Five years from the release date of supervision/parole/etc....
Texas automatically restores a convicted felon's gun rights (but only in the case the felony was not gun related or of domestic violence
Federal law stipulates that individual states are allowed to reinstate a convicted felons constitutional rights removed by a felony conviction when such priveages are allowed by that states constitution.
The manner in which TEXAS goes about this is the right to OWN and POSSESS a firearm is restricted to one's residence. So.....
In his home, Magee was breaking no state or federal law by being in possession of his guns.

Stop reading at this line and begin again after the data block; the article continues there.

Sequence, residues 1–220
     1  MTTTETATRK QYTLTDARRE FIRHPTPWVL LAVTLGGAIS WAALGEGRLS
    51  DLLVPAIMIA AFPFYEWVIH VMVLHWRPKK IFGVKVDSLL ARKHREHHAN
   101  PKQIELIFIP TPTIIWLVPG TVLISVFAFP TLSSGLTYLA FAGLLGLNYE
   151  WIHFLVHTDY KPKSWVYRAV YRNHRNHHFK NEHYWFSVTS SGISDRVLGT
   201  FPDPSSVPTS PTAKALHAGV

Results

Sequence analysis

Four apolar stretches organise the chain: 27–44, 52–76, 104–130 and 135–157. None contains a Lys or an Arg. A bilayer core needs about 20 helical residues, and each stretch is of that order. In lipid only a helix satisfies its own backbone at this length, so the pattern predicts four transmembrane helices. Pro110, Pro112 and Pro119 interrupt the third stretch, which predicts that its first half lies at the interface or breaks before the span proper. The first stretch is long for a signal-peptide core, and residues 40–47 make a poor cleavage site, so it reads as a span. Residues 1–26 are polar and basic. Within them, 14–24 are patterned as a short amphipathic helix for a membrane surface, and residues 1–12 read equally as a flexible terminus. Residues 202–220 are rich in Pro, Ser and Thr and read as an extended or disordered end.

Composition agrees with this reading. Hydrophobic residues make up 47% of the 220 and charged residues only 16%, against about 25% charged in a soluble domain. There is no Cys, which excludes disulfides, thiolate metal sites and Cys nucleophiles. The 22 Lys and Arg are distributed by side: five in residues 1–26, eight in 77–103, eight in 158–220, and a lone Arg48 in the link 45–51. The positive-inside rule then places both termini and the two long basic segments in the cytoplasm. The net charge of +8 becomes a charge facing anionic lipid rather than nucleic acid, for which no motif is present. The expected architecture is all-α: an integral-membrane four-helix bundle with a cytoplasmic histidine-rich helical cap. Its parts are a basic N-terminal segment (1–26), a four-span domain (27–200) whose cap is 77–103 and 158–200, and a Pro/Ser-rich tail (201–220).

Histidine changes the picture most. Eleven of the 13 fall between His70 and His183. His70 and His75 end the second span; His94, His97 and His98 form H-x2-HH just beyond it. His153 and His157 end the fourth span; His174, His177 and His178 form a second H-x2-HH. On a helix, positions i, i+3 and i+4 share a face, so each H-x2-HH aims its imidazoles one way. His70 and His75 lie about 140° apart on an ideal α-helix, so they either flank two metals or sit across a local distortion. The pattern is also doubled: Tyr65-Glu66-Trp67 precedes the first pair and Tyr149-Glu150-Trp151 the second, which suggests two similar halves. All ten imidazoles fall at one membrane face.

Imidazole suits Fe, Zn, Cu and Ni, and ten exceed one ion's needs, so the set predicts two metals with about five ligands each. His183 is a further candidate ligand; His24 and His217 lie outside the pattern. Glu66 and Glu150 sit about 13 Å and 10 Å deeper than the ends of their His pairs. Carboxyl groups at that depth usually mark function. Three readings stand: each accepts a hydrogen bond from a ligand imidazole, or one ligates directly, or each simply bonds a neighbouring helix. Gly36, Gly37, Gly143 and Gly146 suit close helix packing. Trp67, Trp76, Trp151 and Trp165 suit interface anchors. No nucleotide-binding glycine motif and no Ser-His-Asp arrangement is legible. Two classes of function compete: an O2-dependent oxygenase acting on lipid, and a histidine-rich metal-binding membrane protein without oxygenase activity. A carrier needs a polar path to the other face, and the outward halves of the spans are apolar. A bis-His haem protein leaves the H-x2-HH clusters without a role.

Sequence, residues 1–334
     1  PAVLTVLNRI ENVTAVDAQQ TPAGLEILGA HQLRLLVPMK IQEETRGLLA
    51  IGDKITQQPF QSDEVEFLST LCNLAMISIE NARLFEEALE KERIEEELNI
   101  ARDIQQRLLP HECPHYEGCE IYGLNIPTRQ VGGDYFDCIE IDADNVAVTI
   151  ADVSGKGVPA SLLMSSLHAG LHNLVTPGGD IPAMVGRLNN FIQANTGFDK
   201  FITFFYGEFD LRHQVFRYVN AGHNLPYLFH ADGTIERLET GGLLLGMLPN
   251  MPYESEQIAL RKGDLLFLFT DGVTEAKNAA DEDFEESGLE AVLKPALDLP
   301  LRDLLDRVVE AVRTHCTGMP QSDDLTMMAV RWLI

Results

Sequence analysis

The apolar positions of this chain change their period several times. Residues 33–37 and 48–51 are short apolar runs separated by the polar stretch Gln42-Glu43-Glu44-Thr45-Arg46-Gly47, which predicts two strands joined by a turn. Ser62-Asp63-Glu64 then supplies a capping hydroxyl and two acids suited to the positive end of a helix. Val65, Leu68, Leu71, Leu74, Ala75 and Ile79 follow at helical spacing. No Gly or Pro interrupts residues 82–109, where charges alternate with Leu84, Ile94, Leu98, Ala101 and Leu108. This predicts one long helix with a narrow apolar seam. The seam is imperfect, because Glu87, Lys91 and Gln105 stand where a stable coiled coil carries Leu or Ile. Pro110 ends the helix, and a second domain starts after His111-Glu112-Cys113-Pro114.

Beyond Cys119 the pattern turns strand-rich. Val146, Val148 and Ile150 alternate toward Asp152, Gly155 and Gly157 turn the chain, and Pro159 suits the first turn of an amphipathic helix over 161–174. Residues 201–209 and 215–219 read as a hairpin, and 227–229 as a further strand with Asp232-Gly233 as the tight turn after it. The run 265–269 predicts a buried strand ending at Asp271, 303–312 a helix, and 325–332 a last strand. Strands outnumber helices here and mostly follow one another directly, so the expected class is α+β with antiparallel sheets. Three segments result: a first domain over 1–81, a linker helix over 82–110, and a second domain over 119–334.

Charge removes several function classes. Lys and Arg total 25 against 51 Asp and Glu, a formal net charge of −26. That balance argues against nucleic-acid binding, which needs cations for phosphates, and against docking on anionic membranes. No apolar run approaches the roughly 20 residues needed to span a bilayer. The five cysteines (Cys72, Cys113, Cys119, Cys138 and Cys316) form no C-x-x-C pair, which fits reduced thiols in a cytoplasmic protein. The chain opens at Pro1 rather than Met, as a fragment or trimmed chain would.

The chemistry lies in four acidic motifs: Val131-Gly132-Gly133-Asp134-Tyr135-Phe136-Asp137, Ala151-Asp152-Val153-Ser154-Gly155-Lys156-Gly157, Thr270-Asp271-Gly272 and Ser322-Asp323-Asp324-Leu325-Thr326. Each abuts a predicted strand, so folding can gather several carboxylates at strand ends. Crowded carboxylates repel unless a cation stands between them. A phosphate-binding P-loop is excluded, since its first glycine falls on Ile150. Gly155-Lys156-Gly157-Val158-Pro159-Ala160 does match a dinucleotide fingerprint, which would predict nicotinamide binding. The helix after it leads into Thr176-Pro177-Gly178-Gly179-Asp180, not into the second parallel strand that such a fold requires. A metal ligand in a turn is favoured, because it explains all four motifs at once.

I myself have a nonviolent felony charge here in Texas from, shoot, fourteen? years ago. I was released from commumity supervision in 2006. Things being the way they are, and considering the direction the country is going.... I have studied how the state and federal laws worked together in the instance of gun rights for a god long time, and continue watching the changes in legislation. For instance, now air rifles are now basically considered a firearm. Yup..... pappy's old Red Rider is now no different than an AR-15. ("You're gonna shot your EYE OUT!"). And given this, you're not allowed to discharge your air rifle, even outside the city limits, unless you're on 10 acres or more. Being a felon legally possessing (owning) a firearm, you are not allowed to go to a shooting range to familiarise yourself with your firearm. So unless you happen to live on acreage outside the city limits, you basically never even get to know if your gun actually WORKS, or HOW it works, until it's too late. As for hunting.... I haven't really looked into if a felon can get a license for game. I DO know my .22 rimfire revolver isn't legal for any game hunting anyways.... so it hasn't been an issue. Thankfully I live on 15 acres outside of any municipality, so I HAVE had the opportunity to refine my aim. One may think a .22 isn't much better than a pop gun, but I assure you a hollow point between the eyes at short range is just as lethal as a .38, and there is a large pile of skunk and possum carcasses in the back of my pasture that attest to the accuracy of my aim